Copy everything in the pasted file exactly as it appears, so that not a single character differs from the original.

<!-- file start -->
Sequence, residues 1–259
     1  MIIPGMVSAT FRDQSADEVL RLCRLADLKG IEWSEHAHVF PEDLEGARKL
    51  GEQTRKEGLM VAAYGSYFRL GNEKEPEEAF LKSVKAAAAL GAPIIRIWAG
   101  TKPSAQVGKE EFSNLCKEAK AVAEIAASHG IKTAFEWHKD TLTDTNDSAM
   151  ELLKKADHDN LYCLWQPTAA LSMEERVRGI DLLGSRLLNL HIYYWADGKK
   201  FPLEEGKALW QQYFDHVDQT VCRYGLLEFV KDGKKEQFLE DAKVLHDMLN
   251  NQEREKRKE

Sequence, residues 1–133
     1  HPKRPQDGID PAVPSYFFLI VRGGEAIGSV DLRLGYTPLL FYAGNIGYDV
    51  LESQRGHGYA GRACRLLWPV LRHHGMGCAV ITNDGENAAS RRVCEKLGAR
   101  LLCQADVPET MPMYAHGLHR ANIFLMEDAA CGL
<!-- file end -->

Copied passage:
Sequence, residues 1–259
     1  MIIPGMVSAT FRDQSADEVL RLCRLADLKG IEWSEHAHVF PEDLEGARKL
    51  GEQTRKEGLM VAAYGSYFRL GNEKEPEEAF LKSVKAAAAL GAPIIRIWAG
   101  TKPSAQVGKE EFSNLCKEAK AVAEIAASHG IKTAFEWHKD TLTDTNDSAM
   151  ELLKKADHDN LYCLWQPTAA LSMEERVRGI DLLGSRLLNL HIYYWADGKK
   201  FPLEEGKALW QQYFDHVDQT VCRYGLLEFV KDGKKEQFLE DAKVLHDMLN
   251  NQEREKRKE

Sequence, residues 1–133
     1  HPKRPQDGID PAVPSYFFLI VRGGEAIGSV DLRLGYTPLL FYAGNIGYDV
    51  LESQRGHGYA GRACRLLWPV LRHHGMGCAV ITNDGENAAS RRVCEKLGAR
   101  LLCQADVPET MPMYAHGLHR ANIFLMEDAA CGL